Whites are accurate and blacks are deep and inky. There is strong contrast throughout and the shadow delineation allows for many things to be discernable. The texture of the worn and weathered prison walls is vivid and it's noticeable that various writings were scrawled at different times over the years. Facial detail is sharp throughout as every wrinkle and mark is constantly on display.
Objects are sharp and the focus only gets soft when intended by the director, such as the slow-motion shots. Three-dimensional depth is evident even in low-lit scenes. One of the better-looking visuals on Blu-ray. However, the only negative is in the last scene with Luciani as he sits alone on a bench and the fine threads of his jacket create artifacts.
The Audio: Rating the Sound
The audio comes in French and German versions of DTS-HD Master Audio 5.1. I listened to the French, which also contains Corsican and Arabic language with the English subtitles on.
The surrounds do a very good job presenting ambiance of the prison from doors clanging shut to the activity of prisoners like the sounds of the sewing room machinery. A rainstorm is so loud and clear it's almost palpable. There is even special attention given to the little details like the soft crinkling of a plastic bag as it nearly suffocates a man. Bass helps fill the soundspace but doesn’t have a commanding presence except for the limited action scenes.
Dialogue is predominant from the front center channel with support from the front left and right. It's all clear. Effects are distinct without being distracting. I never noticed any imaging take place. The music, setting aside the fact that some of the song choices are odd, blends into the scenes. The three elements mixed together create an optimum balance and demonstrate a great dynamic range.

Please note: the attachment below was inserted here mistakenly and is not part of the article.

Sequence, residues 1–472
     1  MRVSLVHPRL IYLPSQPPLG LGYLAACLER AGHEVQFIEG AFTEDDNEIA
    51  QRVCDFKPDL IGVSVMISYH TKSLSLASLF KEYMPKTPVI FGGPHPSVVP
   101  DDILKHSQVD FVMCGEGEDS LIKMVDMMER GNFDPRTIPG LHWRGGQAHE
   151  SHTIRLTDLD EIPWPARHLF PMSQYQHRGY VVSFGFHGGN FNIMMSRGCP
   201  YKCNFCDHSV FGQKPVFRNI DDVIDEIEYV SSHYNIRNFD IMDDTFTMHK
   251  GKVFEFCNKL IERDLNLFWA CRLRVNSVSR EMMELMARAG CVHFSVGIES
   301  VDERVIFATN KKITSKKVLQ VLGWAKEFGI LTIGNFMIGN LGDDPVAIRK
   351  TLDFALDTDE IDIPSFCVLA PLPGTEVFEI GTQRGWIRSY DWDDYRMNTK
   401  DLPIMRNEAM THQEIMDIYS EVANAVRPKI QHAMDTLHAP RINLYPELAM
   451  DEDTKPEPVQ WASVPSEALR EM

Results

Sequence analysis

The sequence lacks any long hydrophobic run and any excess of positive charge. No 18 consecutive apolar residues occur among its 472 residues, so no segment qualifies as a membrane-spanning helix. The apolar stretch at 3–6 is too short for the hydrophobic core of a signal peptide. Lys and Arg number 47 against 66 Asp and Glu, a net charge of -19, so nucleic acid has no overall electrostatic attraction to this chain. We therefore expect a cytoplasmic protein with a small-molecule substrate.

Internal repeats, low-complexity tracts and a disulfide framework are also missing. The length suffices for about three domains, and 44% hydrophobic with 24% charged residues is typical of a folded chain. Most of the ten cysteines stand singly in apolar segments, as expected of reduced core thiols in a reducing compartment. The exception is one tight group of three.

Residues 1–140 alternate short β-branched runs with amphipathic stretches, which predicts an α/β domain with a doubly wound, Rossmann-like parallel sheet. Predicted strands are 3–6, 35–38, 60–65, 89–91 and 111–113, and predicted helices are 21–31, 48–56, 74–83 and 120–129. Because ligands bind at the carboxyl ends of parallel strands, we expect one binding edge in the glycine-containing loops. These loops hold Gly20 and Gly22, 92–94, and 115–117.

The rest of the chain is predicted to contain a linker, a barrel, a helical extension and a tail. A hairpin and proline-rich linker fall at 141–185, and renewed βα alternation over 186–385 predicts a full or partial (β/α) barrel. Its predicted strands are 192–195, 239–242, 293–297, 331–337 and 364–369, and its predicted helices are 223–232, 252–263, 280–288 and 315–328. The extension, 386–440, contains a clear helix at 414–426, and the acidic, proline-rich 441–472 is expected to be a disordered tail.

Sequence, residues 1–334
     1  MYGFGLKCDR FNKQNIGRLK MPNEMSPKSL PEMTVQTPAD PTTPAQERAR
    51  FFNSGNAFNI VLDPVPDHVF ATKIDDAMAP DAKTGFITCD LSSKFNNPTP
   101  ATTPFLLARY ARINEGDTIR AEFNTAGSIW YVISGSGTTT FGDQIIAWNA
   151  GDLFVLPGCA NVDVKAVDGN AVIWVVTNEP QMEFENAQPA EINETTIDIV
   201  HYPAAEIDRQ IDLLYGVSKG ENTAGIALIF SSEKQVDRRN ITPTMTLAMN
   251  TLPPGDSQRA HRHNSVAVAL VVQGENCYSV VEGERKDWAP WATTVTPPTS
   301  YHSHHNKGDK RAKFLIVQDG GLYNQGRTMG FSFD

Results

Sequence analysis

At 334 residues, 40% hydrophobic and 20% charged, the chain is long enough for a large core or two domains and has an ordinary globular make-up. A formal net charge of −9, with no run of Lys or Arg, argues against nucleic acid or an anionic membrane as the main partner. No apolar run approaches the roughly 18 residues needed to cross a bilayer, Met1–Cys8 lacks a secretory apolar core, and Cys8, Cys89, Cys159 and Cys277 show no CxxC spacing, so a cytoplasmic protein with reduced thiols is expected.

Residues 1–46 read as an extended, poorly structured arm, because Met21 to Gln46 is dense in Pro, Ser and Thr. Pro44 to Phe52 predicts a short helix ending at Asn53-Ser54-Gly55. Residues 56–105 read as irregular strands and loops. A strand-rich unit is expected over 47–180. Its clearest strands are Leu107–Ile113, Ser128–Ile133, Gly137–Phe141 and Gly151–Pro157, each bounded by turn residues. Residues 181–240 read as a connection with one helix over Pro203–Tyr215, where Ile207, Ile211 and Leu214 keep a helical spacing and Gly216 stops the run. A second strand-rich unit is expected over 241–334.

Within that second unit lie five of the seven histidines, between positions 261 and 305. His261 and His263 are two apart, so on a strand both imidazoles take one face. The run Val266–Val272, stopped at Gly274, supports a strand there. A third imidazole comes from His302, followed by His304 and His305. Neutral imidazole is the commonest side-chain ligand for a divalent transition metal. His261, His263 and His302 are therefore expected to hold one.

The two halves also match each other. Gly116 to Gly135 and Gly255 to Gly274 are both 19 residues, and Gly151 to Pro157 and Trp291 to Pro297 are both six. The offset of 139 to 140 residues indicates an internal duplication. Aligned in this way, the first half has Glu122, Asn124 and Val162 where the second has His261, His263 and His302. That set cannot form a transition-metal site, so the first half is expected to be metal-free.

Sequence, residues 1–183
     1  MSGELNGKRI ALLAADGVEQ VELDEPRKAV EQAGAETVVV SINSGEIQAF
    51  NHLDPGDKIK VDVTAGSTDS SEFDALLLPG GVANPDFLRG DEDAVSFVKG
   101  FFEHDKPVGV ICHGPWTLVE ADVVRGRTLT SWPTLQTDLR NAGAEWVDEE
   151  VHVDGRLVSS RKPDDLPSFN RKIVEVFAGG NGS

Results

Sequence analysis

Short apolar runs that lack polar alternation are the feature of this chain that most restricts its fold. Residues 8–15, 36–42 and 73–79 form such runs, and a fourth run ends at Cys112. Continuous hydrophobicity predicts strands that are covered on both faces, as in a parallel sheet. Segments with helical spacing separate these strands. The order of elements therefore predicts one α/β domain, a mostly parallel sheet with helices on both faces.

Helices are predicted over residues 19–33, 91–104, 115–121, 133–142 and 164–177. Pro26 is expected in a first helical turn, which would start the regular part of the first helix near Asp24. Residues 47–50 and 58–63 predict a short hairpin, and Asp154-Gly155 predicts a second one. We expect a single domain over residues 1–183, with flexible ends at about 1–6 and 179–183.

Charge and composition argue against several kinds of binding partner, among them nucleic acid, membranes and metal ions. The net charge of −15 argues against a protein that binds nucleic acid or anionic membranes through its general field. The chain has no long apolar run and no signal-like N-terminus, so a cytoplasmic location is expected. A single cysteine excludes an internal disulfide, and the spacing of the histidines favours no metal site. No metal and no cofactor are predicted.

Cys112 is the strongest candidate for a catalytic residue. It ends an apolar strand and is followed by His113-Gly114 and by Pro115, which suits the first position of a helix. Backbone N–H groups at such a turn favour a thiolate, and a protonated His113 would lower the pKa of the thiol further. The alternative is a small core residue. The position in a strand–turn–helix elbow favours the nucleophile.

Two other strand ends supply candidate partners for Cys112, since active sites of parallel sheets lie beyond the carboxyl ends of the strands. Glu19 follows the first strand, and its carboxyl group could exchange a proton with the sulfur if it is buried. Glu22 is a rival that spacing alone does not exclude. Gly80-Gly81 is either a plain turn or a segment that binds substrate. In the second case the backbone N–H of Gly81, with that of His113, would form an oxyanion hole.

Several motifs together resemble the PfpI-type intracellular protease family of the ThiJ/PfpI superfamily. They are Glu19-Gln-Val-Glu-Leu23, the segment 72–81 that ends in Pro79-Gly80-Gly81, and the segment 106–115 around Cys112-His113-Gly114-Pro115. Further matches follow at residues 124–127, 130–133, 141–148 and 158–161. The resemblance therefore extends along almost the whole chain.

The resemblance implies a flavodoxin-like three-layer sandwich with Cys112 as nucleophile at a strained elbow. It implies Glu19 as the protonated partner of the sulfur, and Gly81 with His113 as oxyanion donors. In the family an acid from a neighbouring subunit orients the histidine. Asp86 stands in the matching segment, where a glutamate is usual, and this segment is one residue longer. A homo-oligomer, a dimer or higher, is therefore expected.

The Supplements: Digging Into the Good Stuff
- Commentary with director Jacques Audiard, actor Tahar Rahim, and co-writyer Thomas Bidegan – In French, the trio discuss the film and its making. They are aware Americans might not know about the island of Corsica and its relation with France, so they provide perspective. Subtitles for the commentary are in English and German, so no need for concern if you forgot what you learned in your high school French class.
- Deleted Scenes (SD, 11 min) - Four scenes flesh out bits of character and story. Nothing integral to the story, but interesting and worth seeing.
- Rehearsal Footage (SD, 9 min) - Three scenes are available but there's not much value as the actors stay in character and recite lines the whole time. I was hoping to see the process of the actors working together and/or with the director.
- Screen Tests (SD, 5 min) - Five brief scenes with Tahar Rahim in different moments of the role, but with each about a minute there's not much to take away.
- Trailers (HD) - Aside from the theatrical trailer for 'A Prophet' and the ones seen before the menu there are also these Sony Pictures Classics titles: 'Please Give,' 'Mother and Child,' 'The Last Station,' and 'Cemetery Junction.'
HD Bonus Content: Any Exclusive Goodies in There?
'A Prophet' is a powerful tale of survival crafted by a talented cast and crew. Its realistic depiction of brutality and violence may be a turn-off for some, but it's not gratuitous. It serves a purpose and has ramifications that contribute to my designation of this as a highly recommend film. The Blu-ray looks superb and presents very good audio. The film's accolades are deserved, and it could become a classic in the annals of French crime cinema.
- BD-50 Blu-ray Disc
- 1080p/AVC MPEG-4
- French DTS-HD Master Audio 5.1
- German DTS-HD Master Audio 5.1
- English SDH
- English (Commentary)
- German (Commentary)
- Commentary with director Jacques Audiard, actor Tahar Rahim and co-writer Thomas Bidegain
- Deleted Scenes
- Tahar Rahim screen tests
- Tahar Rahim and Gilles Cohen rehearsal footage